Sirolimus also known as Rapamune or Rapamycin is an immunosupressant or a drug that weakens your body’s immune system in order to help keep it from “rejecting” a transplanted organ that is used along with other medications to prevent rejection (attack of a transplanted organ by the immune system of a person receiving the organ) in people who have received a kidney transplant 1). Sirolimus is also given without other medicines to treat a rare lung disorder called lymphangioleiomyomatosis or LAM. Lymphangioleiomyomatosis (LAM) is a condition that affects the lungs, the kidneys, and the lymphatic system 2). Lymphangioleiomyomatosis (LAM) is found almost exclusively in women. Lymphangioleiomyomatosis (LAM) often occurs as a feature of an inherited syndrome called tuberous sclerosis complex. When LAM occurs alone it is called isolated or sporadic LAM. Mutations in the TSC1 gene or more commonly the TSC2 gene, cause lymphangioleiomyomatosis (LAM). The TSC1 and TSC2 genes provide instructions for making the proteins hamartin and tuberin, respectively. Within cells, these two proteins, hamartin and tuberin, likely help regulate cell growth and size. The hamartin and tuberin proteins act as tumor suppressors, which normally prevent cells from growing and dividing too fast or in an uncontrolled way. Signs and symptoms of lymphangioleiomyomatosis (LAM) most often appear during a woman’s thirties. Affected women have an overgrowth of abnormal smooth muscle-like cells (LAM cells) in their lungs, resulting in the formation of lung cysts and the destruction of normal lung tissue. They may also have an accumulation of fluid in the cavity around the lungs (chylothorax). The lung abnormalities resulting from lymphangioleiomyomatosis (LAM) may cause difficulty breathing (dyspnea), chest pain, and coughing, which may bring up blood (hemoptysis). Many women with this disorder have recurrent episodes of collapsed lung (spontaneous pneumothorax). Women with lymphangioleiomyomatosis (LAM) may develop cysts in the lymphatic vessels of the chest and abdomen. These cysts are called lymphangioleiomyomas. Affected women may also develop tumors called angiomyolipomas made up of LAM cells, fat cells, and blood vessels. Angiomyolipomas usually develop in the kidneys. Internal bleeding is a common complication of angiomyolipomas. Sirolimus should be prescribed only by physicians with experience in immunosuppression and management of its complications.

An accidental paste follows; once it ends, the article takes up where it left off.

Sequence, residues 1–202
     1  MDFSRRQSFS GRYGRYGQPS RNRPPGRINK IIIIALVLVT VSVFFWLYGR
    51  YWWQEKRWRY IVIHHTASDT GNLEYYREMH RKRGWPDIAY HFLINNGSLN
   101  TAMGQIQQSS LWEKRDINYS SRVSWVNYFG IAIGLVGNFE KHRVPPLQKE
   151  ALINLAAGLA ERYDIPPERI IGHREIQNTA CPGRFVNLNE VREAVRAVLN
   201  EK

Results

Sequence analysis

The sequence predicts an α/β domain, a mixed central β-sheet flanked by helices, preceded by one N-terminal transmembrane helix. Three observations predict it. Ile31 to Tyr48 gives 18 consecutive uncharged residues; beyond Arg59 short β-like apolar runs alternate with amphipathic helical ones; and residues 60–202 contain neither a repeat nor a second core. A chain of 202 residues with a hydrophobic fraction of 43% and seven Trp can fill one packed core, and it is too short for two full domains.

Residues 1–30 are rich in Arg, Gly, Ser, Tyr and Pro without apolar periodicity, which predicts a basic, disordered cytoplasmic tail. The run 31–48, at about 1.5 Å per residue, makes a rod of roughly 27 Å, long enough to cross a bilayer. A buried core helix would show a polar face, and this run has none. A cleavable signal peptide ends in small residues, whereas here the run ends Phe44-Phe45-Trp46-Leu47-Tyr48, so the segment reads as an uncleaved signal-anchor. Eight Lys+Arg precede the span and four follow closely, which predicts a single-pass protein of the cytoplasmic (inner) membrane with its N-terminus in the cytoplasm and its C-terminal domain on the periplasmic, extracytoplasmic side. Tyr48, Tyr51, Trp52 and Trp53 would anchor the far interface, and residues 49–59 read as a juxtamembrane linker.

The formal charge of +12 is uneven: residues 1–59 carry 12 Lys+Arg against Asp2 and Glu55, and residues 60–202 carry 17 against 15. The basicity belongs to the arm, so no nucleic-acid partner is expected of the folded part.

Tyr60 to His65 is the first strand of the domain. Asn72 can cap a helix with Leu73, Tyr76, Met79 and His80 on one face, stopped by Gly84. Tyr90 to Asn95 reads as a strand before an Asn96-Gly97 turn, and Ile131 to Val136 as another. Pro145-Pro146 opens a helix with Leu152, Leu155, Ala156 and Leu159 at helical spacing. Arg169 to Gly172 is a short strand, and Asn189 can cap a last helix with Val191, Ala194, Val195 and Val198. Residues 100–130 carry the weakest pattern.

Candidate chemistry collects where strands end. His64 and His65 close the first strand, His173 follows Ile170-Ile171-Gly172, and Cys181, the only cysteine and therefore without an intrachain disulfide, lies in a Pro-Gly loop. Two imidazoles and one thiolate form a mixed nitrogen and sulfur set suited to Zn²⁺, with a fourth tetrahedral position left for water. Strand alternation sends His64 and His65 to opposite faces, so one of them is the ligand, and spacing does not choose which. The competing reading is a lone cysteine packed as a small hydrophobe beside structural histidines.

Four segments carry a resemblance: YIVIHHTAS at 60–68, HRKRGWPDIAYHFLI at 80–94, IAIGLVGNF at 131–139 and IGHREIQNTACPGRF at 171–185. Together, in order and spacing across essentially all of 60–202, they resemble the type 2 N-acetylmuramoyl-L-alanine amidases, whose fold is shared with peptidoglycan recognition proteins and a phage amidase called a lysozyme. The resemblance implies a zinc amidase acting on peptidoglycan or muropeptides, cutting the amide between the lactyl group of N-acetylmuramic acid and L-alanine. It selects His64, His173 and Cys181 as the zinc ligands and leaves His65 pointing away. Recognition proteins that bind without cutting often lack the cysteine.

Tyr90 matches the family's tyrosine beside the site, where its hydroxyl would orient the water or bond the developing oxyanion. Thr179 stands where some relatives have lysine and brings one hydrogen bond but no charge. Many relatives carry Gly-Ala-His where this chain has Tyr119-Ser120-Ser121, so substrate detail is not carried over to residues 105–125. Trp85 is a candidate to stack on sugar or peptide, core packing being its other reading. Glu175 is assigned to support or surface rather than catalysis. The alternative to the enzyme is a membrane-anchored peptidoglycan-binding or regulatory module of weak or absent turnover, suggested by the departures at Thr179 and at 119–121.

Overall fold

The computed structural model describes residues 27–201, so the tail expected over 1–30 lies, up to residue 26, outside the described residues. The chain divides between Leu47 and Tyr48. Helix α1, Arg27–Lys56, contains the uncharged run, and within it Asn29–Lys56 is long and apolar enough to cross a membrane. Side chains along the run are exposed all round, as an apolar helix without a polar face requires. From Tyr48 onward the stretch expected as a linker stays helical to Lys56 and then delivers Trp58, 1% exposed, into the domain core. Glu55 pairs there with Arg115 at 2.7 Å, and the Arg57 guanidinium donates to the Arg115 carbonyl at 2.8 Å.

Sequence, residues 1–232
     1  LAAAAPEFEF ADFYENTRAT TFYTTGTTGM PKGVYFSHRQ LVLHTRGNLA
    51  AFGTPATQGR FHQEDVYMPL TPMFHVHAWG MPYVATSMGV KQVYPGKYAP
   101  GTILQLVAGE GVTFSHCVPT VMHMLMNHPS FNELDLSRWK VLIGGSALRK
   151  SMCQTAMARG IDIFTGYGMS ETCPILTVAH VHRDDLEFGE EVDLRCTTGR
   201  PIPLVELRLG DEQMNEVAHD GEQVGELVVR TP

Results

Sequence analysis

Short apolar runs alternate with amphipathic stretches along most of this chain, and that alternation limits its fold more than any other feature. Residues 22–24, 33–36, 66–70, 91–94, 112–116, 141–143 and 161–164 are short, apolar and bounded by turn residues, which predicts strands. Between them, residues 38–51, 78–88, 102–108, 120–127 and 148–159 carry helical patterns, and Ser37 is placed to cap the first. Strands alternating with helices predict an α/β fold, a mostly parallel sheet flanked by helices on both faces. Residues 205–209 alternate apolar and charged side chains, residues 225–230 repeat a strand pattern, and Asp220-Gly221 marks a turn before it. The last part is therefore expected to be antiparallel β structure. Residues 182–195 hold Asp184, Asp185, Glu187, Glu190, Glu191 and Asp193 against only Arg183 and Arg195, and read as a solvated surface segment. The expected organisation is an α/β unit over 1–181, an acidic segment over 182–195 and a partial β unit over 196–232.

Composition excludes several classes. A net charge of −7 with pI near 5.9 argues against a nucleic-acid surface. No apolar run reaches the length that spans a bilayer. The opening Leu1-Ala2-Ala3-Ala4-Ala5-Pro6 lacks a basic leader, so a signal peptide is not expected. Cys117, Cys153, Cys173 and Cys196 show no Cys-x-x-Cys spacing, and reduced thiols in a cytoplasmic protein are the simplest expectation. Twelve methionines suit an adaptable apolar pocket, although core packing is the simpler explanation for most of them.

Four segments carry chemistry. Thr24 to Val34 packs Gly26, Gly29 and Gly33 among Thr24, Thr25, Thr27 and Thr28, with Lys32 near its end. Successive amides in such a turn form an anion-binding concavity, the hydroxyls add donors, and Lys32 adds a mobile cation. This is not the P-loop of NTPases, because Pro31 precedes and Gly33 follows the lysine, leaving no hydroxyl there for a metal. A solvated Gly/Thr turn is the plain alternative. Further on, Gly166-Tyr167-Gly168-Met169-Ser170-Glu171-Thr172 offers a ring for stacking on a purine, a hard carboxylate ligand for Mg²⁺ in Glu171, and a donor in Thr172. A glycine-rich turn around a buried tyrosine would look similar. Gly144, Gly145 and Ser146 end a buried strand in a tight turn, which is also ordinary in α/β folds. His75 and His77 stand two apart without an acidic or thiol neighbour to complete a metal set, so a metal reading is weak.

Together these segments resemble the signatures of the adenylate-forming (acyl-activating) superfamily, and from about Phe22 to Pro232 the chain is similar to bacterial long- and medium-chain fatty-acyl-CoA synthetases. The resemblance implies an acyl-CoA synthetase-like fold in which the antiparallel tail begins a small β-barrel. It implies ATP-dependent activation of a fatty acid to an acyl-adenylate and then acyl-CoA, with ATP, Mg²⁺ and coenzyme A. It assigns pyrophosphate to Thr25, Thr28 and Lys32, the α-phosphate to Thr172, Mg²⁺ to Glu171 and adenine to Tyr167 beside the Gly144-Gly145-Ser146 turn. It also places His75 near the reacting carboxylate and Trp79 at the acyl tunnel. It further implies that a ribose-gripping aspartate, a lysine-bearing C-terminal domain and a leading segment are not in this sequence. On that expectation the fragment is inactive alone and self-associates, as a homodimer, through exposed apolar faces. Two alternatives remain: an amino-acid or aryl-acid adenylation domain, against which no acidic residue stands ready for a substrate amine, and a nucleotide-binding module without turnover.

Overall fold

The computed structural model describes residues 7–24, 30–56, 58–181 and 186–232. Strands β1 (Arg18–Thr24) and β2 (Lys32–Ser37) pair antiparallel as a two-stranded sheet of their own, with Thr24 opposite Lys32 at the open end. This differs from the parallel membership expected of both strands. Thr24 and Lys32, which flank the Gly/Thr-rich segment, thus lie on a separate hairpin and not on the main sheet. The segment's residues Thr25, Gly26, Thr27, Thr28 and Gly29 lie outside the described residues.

Sirolimus comes as tablets of 0.5, 1 and 2 mg and a solution (liquid) of 1 mg/mL to be taken by mouth. Sirolimus is usually taken once a day, either always with food or always without food. To help you remember to take sirolimus, take it around the same time every day. Follow the directions on your prescription label carefully, and ask your doctor or pharmacist to explain any part you do not understand. Take sirolimus exactly as directed. Do not take more or less of it or take it more often than prescribed by your doctor.

Swallow the tablets whole; do not split, chew, or crush them.

The recommended initial dose of sirolimus is 1 mg orally once daily and the usual maintenance of dose in adults is 2 mg (~1 mg/m²) once daily to maintain a trough level ≤10 ng/mL (usually after the first week of initiating treatment) 3).

Your doctor will probably adjust your dose of sirolimus during your treatment, usually not more than once every 7 to 14 days.

Continue to take sirolimus even if you feel well. Do not stop taking sirolimus without talking to your doctor.

Sirolimus solution may develop a haze when refrigerated. If this happens, let the bottle stand at room temperature and gently shake it until the haze goes away. The haze does not mean that the medication is damaged or unsafe to use.

Sirolimus has less kidney damaging adverse effect (nephrotoxicity) than the calcineurin inhibitors. Common side effects of sirolimus include anxiety, weakness, depression, dizziness, headache, gastrointestinal upset (dyspepsia, nausea & diarrhea), oral ulcers, edema, bone marrow suppression and rash. Uncommon but potentially severe adverse events include hypercholesterolemia, kidney failure, severe and opportunistic infections, delayed wound healing, pneumonitis, embryo-fetal toxicity, infertility, lower-extremity swelling, allergic reactions (hives, rash, or peeling skin) and anemia 4). The adverse effects of sirolimus are reported to occur in the first few months of initiation of therapy, which are generally dose-related 5). Talk to your doctor about the possible risks of using sirolimus for your condition.


Sirolimus may increase the risk that you will develop an infection or cancer, especially lymphoma (cancer of a part of the immune system) or skin cancer. To reduce your risk of skin cancer, plan to avoid unnecessary or prolonged exposure to sunlight and to wear protective clothing, sunglasses, and sunscreen during your treatment. If you experience any of the following symptoms, call your doctor immediately: fever, sore throat, chills, frequent or painful urination, or other signs of infection; new sores or changes on the skin; night sweats; swollen glands in the neck, armpits, or groin; unexplained weight loss; trouble breathing; chest pain; weakness or tiredness that does not go away; or pain, swelling, or fullness in the stomach.

Sirolimus may cause serious side effects or death in patients who have had liver or lung transplants. This medication should not be given to prevent rejection of liver or lung transplants.

Keep all appointments with your doctor and the laboratory. Your doctor will order certain tests to check your body’s response to sirolimus.

Talk to your doctor about the risks of taking sirolimus.

Sirolimus special precautions